CD: The area you serve is sparsely populated in comparison to an urban community. Where does the demand come from to keep rural entrepreneurs’ businesses growing?

MM: It’s truly an evolutionary process. Often an individual starts a small business here to serve his neighbors or other members in the community. But of course, growth comes from expanding, serving a larger market, or creating a different distribution strategy for your products. The Entrepreneur Fund helps people figure out what products or services they offer that could go out to larger marketplaces. And today with the Internet, a lot of small service/retail or manufacturing companies can go global from here. Nevertheless, it’s still a challenge in small communities because of isolation and lack of access to good markets. But in most cases, it’s doable, if you think creatively about marketing your products and services.

CD: Is that one of the reasons why you started the Greenstone Group?

MM: Yes. Greenstone Group came about as a way for us to take our experience and staff capacity to a higher level and expand the support we could provide to the companies we were helping to grow. Today we have coaches and staff available who match the skill level of a wider spectrum of entrepreneurs. Early on, we primarily worked with dislocated workers and people who lost their jobs, to help them turn their skills and hobbies into something that could generate revenue and eventually sustain them over a long period of time. Then we started offering loans to entrepreneurs who needed start-up capital. In the mid-1990s, other organizations were choosing whether to emphasize training or lending. We recognized that our strength was in combining entrepreneur development and capital. Our experience in supporting entrepreneurs made us better lenders, and vice versa. And we also recognized that the lessons we’d learned about working with microbusinesses were applicable for larger companies as well. The difference lies in the skills level or the experience of the business owner.

CD: The Entrepreneur Fund received its CDFI certification during roughly the same time period you just mentioned—in 1997, to be precise. Back then, there were only a few other CDFIs in Minnesota. Now there are 38 other CDFIs serving communities in the state. Do you think there are still market gaps, despite that expansion?

MM: Yes, I do. Today, CDFIs provide financing in underserved areas for businesses, housing, consumers, nonprofits, and facilities, but in rural communities, it’s rare to see that full range of services available to the targeted populations of women, low-income people, and people of color.

The market gaps are even bigger now because of the recession. Many who qualified for bank loans in the past are no longer able to obtain the same deals. We serve a small niche of the overall market by providing business loans of up to $200,000, but with banks tightening their credit policies in recent years, we’re finding opportunities to serve clients who need larger loans. For instance, yesterday we approved a $250,000 loan to someone who had good credit but still couldn’t obtain a commercial bank loan.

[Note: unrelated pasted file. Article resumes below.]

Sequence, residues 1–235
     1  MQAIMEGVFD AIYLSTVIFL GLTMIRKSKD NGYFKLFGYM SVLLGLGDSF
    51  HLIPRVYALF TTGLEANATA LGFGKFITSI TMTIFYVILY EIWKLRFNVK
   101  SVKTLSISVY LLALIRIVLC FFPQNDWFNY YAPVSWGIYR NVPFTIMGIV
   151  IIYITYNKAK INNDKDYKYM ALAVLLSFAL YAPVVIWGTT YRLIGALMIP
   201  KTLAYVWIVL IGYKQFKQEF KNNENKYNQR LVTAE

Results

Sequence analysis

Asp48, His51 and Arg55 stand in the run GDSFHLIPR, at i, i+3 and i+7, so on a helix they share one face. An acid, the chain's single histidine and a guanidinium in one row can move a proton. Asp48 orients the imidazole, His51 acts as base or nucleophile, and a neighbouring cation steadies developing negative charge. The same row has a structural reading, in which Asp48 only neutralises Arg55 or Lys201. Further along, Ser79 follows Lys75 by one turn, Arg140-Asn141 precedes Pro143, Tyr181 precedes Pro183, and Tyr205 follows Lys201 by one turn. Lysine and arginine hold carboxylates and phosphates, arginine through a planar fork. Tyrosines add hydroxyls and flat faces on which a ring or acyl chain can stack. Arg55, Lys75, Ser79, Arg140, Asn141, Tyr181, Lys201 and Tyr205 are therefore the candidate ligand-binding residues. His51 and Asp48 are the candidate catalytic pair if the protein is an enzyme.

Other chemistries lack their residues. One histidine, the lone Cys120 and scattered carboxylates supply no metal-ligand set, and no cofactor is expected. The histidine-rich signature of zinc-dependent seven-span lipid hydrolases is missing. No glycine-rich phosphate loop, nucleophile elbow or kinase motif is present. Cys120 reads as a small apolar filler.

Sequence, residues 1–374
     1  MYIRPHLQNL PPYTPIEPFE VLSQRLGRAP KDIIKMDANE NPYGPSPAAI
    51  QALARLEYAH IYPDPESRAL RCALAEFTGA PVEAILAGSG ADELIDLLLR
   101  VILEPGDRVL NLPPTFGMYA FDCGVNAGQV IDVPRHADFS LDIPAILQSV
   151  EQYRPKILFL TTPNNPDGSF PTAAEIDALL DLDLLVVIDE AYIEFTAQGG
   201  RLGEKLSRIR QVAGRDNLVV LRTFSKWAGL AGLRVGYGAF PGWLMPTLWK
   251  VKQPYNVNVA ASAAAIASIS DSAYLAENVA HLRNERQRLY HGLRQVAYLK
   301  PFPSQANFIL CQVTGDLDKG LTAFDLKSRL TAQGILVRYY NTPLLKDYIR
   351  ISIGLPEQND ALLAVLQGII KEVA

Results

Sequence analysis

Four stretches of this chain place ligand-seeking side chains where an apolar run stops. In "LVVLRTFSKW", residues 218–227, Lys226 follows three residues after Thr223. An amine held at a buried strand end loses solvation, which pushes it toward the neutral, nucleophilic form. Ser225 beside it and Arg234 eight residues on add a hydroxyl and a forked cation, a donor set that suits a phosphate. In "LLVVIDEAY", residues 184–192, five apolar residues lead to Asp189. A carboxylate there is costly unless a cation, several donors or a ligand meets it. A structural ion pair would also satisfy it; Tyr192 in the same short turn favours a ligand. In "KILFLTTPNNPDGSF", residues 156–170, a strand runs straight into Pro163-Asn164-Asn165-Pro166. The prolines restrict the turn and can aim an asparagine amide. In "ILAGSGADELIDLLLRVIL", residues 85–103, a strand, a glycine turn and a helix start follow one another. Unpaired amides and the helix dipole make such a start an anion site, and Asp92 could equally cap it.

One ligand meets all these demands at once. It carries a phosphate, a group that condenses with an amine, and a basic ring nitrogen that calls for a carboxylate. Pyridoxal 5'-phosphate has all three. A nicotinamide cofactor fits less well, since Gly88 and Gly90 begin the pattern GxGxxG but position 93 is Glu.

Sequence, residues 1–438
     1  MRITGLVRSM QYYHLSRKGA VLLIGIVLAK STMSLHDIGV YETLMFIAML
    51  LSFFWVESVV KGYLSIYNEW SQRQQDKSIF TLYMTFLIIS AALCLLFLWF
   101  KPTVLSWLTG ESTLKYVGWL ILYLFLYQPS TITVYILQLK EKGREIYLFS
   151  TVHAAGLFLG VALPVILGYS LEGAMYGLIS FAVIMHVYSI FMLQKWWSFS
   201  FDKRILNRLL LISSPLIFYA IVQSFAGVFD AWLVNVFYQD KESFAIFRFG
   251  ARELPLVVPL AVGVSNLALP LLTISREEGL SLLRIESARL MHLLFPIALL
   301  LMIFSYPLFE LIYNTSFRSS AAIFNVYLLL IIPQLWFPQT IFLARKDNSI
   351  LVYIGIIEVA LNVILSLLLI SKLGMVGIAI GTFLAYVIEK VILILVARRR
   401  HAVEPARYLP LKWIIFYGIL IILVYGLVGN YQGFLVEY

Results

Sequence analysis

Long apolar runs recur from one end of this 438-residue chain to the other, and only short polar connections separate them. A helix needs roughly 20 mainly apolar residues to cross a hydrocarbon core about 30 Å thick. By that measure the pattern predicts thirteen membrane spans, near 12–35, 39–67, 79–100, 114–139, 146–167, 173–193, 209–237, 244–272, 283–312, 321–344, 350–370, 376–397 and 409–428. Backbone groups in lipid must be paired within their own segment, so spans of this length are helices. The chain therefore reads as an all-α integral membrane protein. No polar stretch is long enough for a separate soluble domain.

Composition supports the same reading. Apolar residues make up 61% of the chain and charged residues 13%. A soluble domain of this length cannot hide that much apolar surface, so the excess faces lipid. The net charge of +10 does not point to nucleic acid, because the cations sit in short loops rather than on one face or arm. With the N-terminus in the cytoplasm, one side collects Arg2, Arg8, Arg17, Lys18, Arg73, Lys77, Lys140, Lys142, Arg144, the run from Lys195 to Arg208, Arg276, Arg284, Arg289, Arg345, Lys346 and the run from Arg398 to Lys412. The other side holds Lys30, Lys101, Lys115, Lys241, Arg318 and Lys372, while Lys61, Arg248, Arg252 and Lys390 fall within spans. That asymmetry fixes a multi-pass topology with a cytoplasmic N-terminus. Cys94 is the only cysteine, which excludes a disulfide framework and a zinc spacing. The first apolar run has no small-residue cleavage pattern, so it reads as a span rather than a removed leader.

CD: In your opinion, what should the nature of the relationship between CDFIs and traditional banks be?

MM: Our best bank relationships are where the bankers recognize that our role in entrepreneurial development and our participation in the financing package add value to the bank-business relationship and build them a better customer. We’re pretty intentional about not competing; our loan pricing doesn’t undercut conventional lenders.

CD: Some argue that CDFIs must conform to existing, conventional capital market systems to ensure an adequate supply of capital to the communities they serve, including rural communities. What are your thoughts on that? Do CDFIs have to be as sophisticated as banks, in terms of reporting and regulatory systems?

MM: As CDFIs become larger and more visible, the level of scrutiny will increase. The CDFI industry is talking about regulation, particularly in light of the potential of accessing funds through the conventional capital markets. We all report to our investors and funders now. Whether CDFIs should be regulated exactly like banks, I don’t know. I’ve listened to arguments from both sides. As part of our industry’s response to the question, the Opportunity Finance Network developed the CARS rating, which provides a level of third-party validation, transparency, and reassurance to investors.2/ The Entrepreneur Fund is CARS-rated. Also, since the early 1990s, we’ve been regulated by the Minnesota Department of Commerce under Chapter 56, which covers finance companies. We were the first nonprofit in Minnesota to be regulated under that chapter. It requires us to undergo an annual audit conducted by the state. Complying with that regulation helped us acquire an SBA 7(a) lender license.3/